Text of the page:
In the alpha channel, less-than-white becomes partially transparent, full transparency occuring at black. What I did to address this is work on the alpha channel to increase to white those areas where the cloud should not be see-through. Furthermore, I reduced the contrast for the shadows present in the underlying clouds themselves. (Without this treatment on shadows, the resulting clouds built up from numerous images might have shadow aspects which can be bizarre. The result of this? Clouds which are now the brighter white of their real-life counterparts, and more solid where they should be. The overall contrast and cohesiveness of the land, sea and sky is improved thereby. As a weather observer in the past (and still am, really), clouds have been under my gaze for a long time.
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WxTech

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Re: How I modded sun glare
« Reply #3 on: April 25, 2014, 10:10:33 PM »

Too bad; on the Cloudy Nights (astronomy) forum members can post images straight from a computer. Guess I'll have to look into free image hosting, which I would prefer to avoid...
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SAS~Malone

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Re: How I modded sun glare
« Reply #4 on: April 26, 2014, 06:14:11 AM »

wow, that definitely looks better, mate! :D
now we just hope for a download link. ;)
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BravoFxTrt

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Re: How I modded sun glare
« Reply #5 on: April 26, 2014, 07:17:45 AM »

This is very Cool Tech
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WxTech

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Re: How I modded sun glare
« Reply #6 on: April 26, 2014, 08:27:59 AM »

I included the texture so that anyone could use it as a template to replicate their own, in case it takes me a while to get around to uploading stuff for folks to download.

I probably didn't make it sufficiently clear, so here's the full dope, for clarity. The texture has R, G and B channels, no alpha, 8 bits/channel for a total of 24. I made it neutral white, so as to kind of 'take on' whaterver hue it's superimposed against. Although the fully white central blob dominates when the sky and other underlying glare are more muted.

Even a top quality .jpg is probably not wise to use; the compression artifacts in the very low contrast halo might be visible in the game. But measurements of pixel brightness can be done on this image, to aid one's duplication effort...

I heartily encourage anyone to crank one out and make available it for all. No accreditaion to me is at all necessary.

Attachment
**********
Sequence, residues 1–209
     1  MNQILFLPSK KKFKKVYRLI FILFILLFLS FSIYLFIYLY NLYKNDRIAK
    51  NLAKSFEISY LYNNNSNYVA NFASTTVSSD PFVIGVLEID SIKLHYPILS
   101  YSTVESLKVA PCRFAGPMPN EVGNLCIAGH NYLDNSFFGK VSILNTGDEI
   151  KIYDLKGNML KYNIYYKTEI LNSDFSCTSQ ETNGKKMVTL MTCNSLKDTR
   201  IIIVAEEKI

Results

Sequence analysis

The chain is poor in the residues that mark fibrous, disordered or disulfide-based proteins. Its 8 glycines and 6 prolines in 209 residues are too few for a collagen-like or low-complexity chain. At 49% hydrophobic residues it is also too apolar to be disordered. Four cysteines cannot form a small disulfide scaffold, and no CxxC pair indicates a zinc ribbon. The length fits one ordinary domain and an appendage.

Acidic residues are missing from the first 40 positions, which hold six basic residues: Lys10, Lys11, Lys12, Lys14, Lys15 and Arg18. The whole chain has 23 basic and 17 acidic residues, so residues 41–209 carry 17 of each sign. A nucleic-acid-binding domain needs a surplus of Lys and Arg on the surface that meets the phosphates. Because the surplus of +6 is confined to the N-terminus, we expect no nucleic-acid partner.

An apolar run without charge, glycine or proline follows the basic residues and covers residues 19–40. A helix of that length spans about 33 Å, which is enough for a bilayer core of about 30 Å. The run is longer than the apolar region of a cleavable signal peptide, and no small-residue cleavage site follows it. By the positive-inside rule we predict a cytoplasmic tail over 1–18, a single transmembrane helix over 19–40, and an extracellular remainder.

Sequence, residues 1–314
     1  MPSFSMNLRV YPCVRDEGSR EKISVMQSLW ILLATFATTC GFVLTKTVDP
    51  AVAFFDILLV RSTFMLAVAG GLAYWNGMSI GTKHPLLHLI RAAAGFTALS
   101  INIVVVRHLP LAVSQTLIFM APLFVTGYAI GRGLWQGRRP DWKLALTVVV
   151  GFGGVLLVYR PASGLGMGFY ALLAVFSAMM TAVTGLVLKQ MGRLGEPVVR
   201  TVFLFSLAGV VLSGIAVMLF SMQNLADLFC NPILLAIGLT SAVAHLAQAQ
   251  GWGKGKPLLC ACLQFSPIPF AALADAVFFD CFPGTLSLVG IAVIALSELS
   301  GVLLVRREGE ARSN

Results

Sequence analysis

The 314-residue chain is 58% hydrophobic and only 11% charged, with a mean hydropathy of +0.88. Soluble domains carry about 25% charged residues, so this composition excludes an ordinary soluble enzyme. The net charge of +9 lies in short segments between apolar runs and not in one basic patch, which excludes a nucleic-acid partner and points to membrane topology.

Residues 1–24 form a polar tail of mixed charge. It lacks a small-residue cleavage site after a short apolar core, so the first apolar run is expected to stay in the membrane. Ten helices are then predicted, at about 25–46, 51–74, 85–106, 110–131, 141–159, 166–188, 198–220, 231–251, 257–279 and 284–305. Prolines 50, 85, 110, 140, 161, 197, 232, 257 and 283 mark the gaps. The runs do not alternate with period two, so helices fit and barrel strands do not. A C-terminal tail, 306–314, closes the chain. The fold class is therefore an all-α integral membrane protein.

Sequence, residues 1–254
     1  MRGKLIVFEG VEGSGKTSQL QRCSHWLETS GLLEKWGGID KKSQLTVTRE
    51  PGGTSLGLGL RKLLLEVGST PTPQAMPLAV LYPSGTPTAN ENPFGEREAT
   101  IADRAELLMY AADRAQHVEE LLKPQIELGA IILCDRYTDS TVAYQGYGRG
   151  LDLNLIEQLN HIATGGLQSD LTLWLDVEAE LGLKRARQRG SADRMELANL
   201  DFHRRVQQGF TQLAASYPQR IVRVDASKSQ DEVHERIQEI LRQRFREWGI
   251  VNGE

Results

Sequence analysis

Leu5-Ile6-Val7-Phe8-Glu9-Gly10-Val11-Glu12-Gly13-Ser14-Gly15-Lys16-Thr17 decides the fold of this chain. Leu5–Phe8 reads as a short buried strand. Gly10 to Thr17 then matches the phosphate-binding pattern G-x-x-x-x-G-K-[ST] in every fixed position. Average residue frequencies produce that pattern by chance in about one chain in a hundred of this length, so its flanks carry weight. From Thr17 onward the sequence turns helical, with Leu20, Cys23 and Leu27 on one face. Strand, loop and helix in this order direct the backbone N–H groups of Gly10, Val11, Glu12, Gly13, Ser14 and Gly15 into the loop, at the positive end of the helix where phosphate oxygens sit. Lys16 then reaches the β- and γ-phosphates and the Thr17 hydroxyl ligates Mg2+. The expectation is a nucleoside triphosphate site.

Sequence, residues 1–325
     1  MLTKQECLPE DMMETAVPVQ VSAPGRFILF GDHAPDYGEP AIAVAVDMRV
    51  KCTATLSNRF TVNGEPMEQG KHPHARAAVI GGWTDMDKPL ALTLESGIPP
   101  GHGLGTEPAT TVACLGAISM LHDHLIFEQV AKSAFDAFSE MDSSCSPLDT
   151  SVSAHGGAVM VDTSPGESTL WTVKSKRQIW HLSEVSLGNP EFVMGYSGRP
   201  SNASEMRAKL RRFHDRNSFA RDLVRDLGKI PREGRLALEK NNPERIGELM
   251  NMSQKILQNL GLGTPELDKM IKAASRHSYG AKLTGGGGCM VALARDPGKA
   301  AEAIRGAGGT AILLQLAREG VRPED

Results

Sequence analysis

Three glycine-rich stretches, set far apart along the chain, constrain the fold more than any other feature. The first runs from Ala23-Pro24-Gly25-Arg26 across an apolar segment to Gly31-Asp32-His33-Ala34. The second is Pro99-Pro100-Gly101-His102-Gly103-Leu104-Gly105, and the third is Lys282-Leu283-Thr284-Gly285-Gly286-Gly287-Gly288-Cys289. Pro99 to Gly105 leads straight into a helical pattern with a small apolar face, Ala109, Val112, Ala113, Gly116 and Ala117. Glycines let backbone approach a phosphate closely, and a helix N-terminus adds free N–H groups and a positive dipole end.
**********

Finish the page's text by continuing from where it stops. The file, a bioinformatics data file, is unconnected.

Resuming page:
I may soon start another thread to illustrate my adventures with clouds, both high and low...
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SAS~Tom2

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Re: How I modded sun glare
« Reply #7 on: April 26, 2014, 01:09:47 PM »

That is a cool idea. Weird enough two weeks ago I played with the sun.tga myself-to make it even brighter..I like the sun horizon effect in IL-2 and its lighting around afternoon and wanted to make it more prominent.

Well, it did not work out the way I planned it.
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WxTech

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Re: How I modded sun glare
« Reply #8 on: April 26, 2014, 02:54:31 PM »

Tom,
What would result from making the sun.tga black (no image to show up at all)? Have you seen the version supplied in the game? What does it look like? Is not the brightest part full white (hence your desire to make brighter)?

My first stab at the sun glare issue was to make a black tga (128 px square, if memory serves), so that I could see the result of the effect's absence. This guided me in making my version--which took several iterations on the way to converging toward my desired result (I cannot see the built-in images, as I'm not yet taking apart SFS files.)
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WxTech

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My treatment of low (cumulus) clouds
« Reply #9 on: April 27, 2014, 07:03:12 AM »

Text removed to avoid confusion, as it has been moved to the first posting.
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WxTech

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Re: How I modded sun glare
« Reply #10 on: April 28, 2014, 09:09:29 AM »

I wouldn't much like making it as small as 128 pixels, for the small central hot spot will reduce to just a couple or few pixels. Perhaps this is part of the reason for the large-ish hot spot in the stock image? I could try at least some degree of shrinkage ,though...
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Mick

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Re: How I modded sun glare
« Reply #11 on: April 28, 2014, 09:23:06 AM »

... I just tested the 128*128 49 ko size and it works like a charm, no more sun spikes ...  ;)

Many THX again amigo, and welcome abord SAS ...!  :P